The drawings displayed from the museum’s collection are mainly from his “Caryatid” series. Caryatids are female nudes used in columns of classical architecture. There is sadly no hint of the more brazen nudes – like the one that got the artist’s first and only solo exhibition at Berthe Weill Gallery in Paris shut down in December 1917 – but the Caryatids in particular give a glimpse into the wide range of historical artistic influences and sources that Modigliani drew on, as well as his affinity for sculpture.
The show goes further to solidify the “nice Jewish boy” image by tying the works together through gifted sculptor and Modigliani contemporary Chana Orloff, a founding figure of the Tel Aviv Museum of Art. Her sculptures are a high point of the exhibition, elegantly crafted and adding some much-needed three-dimensionality that emphasizes the sculptural elements of Modigliani’s paintings.
But let’s talk about Modigliani’s actual lifestyle. To put it daintily, he was what one might call a lout. To put it more plainly, he’s the guy you wouldn’t want your child to date, and all the people I dated before I discovered the wondrous and elusive gift known as “self-respect.” Roguishly handsome, he lived in illegal squats with other artists and took more drugs than a girl at Coachella trying to get over her recent breakup.
During his lifetime, Modigliani was better known for being that drunk who stripped at parties than he was for his art. Like our boy Van Gogh, he only received widespread recognition for his art after his untimely death at the age of 35 from tubercular meningitis.
His longtime mistress, Jeanne Hébuterne (whose parents renounced her over their relationship), took her own life shortly after his death while eight months pregnant with their second child. He was survived by one child, Jeanne Modigliani, as well as at least three other illegitimate children with other women.
My point is, I wish the Tel Aviv Museum had dirtied it up just a bit.
Degeneracy is an integral part of Modigliani’s work – as well as what we love about Paris in the late 1800s and early 1900s. The incessant search for beauty and the drive to redefine who art was for and about led Modigliani to create works that drew on his classical technique and training, and apply them in the dankest of settings. Yet he didn’t dwell on loss of dignity or the disintegration of his subjects – painting high- and low-culture people alike, Modigliani affords all his subjects a sense of elegance.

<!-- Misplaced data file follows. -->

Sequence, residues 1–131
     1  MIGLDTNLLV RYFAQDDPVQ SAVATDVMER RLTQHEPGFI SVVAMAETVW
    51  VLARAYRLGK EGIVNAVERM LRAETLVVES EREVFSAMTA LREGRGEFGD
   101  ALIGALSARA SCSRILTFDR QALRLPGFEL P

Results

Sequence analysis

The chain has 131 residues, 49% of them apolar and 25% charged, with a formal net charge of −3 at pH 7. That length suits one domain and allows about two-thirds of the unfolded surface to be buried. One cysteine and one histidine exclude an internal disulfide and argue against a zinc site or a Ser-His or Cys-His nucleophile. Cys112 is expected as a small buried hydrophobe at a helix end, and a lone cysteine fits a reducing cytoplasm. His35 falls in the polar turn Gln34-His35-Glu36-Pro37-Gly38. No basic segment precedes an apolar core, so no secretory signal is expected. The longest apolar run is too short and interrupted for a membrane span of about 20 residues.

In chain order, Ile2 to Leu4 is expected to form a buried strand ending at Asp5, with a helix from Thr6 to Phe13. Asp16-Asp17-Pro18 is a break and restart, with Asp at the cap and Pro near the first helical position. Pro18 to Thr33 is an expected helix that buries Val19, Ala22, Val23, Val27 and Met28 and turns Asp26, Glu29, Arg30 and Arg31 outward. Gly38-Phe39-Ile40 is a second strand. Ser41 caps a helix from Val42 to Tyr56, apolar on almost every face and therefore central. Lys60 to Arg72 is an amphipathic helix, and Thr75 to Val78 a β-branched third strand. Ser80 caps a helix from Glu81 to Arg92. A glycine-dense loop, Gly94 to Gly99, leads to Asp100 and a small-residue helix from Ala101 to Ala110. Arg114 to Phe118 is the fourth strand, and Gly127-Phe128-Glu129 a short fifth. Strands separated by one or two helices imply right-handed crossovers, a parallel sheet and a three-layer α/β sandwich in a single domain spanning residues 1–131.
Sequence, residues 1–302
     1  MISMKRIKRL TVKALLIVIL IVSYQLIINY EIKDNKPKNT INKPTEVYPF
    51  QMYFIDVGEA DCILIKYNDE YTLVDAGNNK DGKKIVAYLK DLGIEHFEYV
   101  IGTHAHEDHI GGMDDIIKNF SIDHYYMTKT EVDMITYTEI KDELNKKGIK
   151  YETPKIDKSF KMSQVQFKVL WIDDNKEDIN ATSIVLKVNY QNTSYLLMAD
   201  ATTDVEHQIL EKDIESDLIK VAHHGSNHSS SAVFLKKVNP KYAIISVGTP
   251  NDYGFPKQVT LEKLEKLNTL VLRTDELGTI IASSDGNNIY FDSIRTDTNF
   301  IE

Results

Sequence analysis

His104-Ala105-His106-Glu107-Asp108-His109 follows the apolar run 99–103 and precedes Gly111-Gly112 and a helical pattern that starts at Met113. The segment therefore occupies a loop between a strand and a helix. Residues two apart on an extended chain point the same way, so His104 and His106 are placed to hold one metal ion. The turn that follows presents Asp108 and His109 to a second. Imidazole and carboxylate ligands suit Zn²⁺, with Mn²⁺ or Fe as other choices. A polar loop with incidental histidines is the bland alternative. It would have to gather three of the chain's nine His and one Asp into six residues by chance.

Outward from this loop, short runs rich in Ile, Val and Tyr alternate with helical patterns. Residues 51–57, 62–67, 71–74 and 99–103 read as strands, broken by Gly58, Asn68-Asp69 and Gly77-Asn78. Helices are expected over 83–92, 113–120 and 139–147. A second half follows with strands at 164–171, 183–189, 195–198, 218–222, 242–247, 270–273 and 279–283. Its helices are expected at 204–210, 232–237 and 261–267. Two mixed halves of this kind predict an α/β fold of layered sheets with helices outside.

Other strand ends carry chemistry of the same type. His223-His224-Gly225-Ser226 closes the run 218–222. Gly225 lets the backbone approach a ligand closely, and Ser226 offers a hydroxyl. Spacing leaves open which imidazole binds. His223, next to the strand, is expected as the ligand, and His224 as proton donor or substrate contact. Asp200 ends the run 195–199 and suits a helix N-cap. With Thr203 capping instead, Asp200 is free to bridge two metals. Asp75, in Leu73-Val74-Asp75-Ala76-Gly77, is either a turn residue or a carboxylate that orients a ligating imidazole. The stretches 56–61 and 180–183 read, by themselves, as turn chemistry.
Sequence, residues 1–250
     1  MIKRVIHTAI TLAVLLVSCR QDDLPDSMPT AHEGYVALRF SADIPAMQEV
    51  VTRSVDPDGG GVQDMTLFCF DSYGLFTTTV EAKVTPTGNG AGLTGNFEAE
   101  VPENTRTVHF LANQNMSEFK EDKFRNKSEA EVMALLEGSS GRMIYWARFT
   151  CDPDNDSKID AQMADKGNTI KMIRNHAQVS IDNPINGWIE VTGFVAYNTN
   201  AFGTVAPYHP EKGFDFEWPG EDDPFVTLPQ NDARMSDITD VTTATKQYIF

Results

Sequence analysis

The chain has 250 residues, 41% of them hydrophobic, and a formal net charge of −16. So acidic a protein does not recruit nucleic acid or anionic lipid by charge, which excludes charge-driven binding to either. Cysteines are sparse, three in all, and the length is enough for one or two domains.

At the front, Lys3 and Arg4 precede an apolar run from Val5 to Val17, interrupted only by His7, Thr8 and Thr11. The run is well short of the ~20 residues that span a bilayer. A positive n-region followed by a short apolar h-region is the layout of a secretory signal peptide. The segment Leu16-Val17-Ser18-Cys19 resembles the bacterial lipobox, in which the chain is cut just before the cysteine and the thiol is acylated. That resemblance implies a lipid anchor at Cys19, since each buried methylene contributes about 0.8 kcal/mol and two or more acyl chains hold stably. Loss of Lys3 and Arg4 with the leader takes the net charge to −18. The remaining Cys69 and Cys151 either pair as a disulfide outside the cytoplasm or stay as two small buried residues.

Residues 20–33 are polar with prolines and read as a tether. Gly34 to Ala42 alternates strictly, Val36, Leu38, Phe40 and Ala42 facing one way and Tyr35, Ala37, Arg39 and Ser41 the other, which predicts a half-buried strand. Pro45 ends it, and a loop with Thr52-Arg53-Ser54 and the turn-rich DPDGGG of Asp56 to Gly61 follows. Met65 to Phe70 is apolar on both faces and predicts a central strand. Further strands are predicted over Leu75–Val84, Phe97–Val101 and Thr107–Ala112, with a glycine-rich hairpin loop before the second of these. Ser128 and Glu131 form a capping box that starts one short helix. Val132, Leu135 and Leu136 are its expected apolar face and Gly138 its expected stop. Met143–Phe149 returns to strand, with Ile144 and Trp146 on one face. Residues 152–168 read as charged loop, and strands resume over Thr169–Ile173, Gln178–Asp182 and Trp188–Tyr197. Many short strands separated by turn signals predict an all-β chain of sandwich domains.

In particular, he avoids the trappings of Primitivism and Orientalism – styles that modern scholarship has shown are linked to racist assumptions and attitudes. Many of the Parisian artists became enchanted by objects from Africa, the Caribbean and Mesoamerica around the turn of the 20th century. Think Picasso’s “Les Demoiselles d’Avignon.” The formal, aesthetic qualities of those objects were often used to describe the brutish primitivism of the subjects – an equally fetishized and denigrated animal-like “primal” humanity. Modigliani, however, gathers varied influences – from around the world and throughout history – and blends them into a more humanistic view.
Placing Modigliani’s work among other Jewish and immigrant artists that came to make up the Paris school – Chaïm Soutine, Moïse Kisling, Jules Pascin and others – the Tel Aviv exhibition gives some insight into the alternative communities that existed in Paris, and a different point of view on La Belle Époque.
The mask-like quality of the faces reminds us that sometimes we can only understand so much about a person from their appearance. The exaggerated elongated features give a sense of what it might feel like to stand out in a crowd – to be the odd man out, like a Jewish man from a tight-knit community encountering antisemitism for the first time in Paris.
All said, it’s a worthwhile afternoon at the museum. But remember (or maybe I’m only reminding myself), the tortured-artist thing is cute, but don’t disregard the red flags. He’s a jerk, a very talented and very cute jerk, but he will not call you back.
“Amedeo Modigliani: Among Friends” is at the Tel Aviv Museum of Art until August 28.